Proposed White Rock parkade moves to hearing

Residents protest at city hall in advance of Monday council meeting

A plan for a five-level parkade near White Rock’s waterfront is moving forward to a public hearing in September, despite a public protest outside city hall on Monday afternoon.

While a crowd of some 50 people chanted “no parkade, no parkade” – and applauded speakers including longtime administration critics Dennis Lypka and Garry Wolgemuth – staff and council members gathered inside for a land use and planning committee meeting that heard a formal presentation of a report on the parkade by planning and development services director Carl Johannsen.

The report – endorsed by the committee and later at Monday night’s regular council meeting – recommended that the city move forward with a five-level option for the site, at the corner of Victoria Avenue and Vidal Street, which could be “fast-tracked” for completion in the summer of 2018.

This option, which would provide a net gain of 207 parking spaces in the west beach area, would cost almost $2 million less than a six-level parkade, but provide “better value” than a four-level option that would gain only 149 stalls.

Total projected cost for the five-level parkade is $11,155,000. So far the city has budgeted $9.1 million, of which six million is coming from long-term debt, $2.3 million from community amenity contributions (CACs) received from other projects and some $800,000 from city reserves.

During the course of discussion, Mayor Wayne Baldwin emphasized that CACs yet to be received will continue to help pay for a lot of the cost of the structure.

“A lot of money is coming our way through CACs – that’s what’s making the parkade viable,” he said.

After Coun. Helen Fathers pressed Johannsen for the business case for the parkade, chief administrative officer Dan Bottrill launched into a lengthy justification of the project that included presenting a digital spreadsheet to committee members showing calculated costs and revenues for a four- and five-level model.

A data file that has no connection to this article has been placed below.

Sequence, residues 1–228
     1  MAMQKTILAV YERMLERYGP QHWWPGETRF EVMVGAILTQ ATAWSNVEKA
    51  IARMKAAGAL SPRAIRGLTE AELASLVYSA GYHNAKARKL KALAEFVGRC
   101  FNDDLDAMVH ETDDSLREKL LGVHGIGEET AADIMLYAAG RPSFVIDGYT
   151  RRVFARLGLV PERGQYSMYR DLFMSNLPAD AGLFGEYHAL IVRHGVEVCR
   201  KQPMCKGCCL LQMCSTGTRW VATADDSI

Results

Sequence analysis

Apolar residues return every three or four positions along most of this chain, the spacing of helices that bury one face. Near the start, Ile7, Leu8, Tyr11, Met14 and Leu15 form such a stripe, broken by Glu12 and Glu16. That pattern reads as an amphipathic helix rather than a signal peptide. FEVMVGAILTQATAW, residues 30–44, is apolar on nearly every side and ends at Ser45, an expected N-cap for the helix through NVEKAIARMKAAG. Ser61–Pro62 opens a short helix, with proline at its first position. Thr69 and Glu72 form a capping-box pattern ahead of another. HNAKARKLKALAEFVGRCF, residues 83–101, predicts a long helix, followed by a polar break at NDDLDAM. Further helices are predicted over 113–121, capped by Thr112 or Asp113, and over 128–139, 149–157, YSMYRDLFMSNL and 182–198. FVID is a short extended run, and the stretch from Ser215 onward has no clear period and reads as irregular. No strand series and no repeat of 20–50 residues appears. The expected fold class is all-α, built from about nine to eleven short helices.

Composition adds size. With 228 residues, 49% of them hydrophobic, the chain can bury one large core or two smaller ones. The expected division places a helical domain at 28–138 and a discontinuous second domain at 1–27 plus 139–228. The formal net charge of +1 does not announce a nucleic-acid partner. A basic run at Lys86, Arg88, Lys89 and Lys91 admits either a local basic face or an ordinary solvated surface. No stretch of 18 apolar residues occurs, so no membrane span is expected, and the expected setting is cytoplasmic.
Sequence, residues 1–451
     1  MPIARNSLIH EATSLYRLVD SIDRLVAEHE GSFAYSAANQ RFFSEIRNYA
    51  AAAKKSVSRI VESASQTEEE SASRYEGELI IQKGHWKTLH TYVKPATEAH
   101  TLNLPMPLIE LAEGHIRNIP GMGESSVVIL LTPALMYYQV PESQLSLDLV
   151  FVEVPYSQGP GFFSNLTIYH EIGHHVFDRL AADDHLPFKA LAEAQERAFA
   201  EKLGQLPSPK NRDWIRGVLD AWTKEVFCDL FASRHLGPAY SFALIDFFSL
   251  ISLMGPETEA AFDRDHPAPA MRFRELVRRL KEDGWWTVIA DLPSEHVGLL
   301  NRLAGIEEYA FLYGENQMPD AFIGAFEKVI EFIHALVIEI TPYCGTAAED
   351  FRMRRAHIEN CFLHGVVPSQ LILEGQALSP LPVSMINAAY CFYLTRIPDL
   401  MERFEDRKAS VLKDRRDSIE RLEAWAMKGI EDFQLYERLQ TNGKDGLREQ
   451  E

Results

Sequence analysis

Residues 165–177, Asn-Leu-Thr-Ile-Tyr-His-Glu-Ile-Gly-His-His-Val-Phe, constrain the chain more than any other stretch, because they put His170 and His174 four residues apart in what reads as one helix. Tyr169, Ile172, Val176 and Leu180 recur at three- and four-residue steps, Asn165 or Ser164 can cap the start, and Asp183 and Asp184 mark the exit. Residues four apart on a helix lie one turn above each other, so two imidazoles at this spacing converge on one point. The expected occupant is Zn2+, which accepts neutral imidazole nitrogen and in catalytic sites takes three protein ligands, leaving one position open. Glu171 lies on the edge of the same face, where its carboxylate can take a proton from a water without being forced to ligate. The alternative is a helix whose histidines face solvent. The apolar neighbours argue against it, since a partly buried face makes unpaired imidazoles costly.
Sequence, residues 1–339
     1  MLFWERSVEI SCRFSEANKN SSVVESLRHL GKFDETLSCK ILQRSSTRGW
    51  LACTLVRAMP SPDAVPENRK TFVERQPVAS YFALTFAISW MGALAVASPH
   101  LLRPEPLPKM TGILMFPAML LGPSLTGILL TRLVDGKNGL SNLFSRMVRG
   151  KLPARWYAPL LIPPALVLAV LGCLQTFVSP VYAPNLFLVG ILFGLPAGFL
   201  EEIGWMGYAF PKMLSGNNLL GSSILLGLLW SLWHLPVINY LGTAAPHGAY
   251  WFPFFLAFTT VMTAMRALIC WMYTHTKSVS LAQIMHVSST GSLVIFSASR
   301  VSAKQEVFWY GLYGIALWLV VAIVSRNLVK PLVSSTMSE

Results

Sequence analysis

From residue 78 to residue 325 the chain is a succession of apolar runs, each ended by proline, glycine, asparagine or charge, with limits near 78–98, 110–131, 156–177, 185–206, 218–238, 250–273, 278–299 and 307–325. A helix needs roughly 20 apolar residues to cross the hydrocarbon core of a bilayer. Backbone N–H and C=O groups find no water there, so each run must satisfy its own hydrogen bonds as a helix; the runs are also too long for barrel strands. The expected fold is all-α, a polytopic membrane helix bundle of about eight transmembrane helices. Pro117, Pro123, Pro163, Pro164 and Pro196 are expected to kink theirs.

Bottrill said that, after taking into account debt servicing costs, the city might make an estimated annual income of $24,000 from the parkade “after all is said and done.”

“At the end of the day it’s not about making money – I’d be as happy if it made zero,” he said, adding that the importance of the project is to make sure that the city has sufficient parking to handle the visitors during times of peak demand at the waterfront.

Bottrill told the committee that the parkade would enable the city to introduce “differentiated’ parking rates to attract longer visits to waterfront businesses – which could include a $15 all-day rate or half-day or evening rates, as opposed to metered parking at $3 per hour during peak months.

Bottrill also noted that while future needs may change, an expectation of high demand must still be considered in light of the continuing growth of Metro Vancouver.

“We don’t expect to see another parkade built… we want to maximize the capacity,” he said.

“What happens if in the future we have less reliance on the automobile? It may be, but in the near future it’s probably not going to happen.”

Depending on future usage, he said, the existence of a parkade could provide different opportunities for the waterfront.

“The city could replace existing waterfront parking lots with linear parks.”

Fathers also raised the objections of residents of The Sausalito to the parkade proposal, wondering whether there was knowledge that such a structure could be built adjacent to their building.

Johannsen said that existing CR3 zoning would have allowed for a 37-foot height off the Victoria Avenue frontage – at least three or four storeys of commercial space – and that the building was designed with angled balconies to allow for future adjacent development.

That explanation did not satisfy Sausalito resident Sandy Nightingale, one of the protesters.

She told Peace Arch News following the afternoon meeting that a lot of residents had bought condos in the building not knowing that their views could be obstructed by a parkade.

“Who do we sue?” she asked.

“The developer never gave us any of this information. This is terrible – I don’t think I can sell my condo now.”

Earlier that afternoon, protesters were angered when told that Johannsen’s report anticipated the parkade would not be used year-round, and his suggestion that events and programming in the structure could include an extension of the White Rock Farmers Market into the early spring and late fall months, art shows and sales, car shows and sporting activities including skateboarding.

A grimmer picture of potential activities inside the parkade was painted by resident and former policeman Gerry Kirk, who reminded the crowd that the completion would coincide with the federal government’s announced intention of marijuana legalization.

“You know you’re going to see the marijuana smoking, you know you’re going to see the urination,” he said.

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